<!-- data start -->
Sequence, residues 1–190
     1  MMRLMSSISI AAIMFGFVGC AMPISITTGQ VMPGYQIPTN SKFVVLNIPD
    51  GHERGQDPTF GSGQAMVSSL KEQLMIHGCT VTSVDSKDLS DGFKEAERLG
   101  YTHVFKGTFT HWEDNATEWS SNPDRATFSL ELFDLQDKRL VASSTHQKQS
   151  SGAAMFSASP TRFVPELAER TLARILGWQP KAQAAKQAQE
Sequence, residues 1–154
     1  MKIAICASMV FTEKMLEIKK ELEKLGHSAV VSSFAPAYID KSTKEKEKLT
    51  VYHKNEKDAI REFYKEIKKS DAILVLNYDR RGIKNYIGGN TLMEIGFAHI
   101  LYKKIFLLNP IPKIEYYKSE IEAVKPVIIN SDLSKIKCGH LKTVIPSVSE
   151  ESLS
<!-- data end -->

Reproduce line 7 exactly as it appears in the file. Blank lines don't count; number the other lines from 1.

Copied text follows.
     1  MKIAICASMV FTEKMLEIKK ELEKLGHSAV VSSFAPAYID KSTKEKEKLT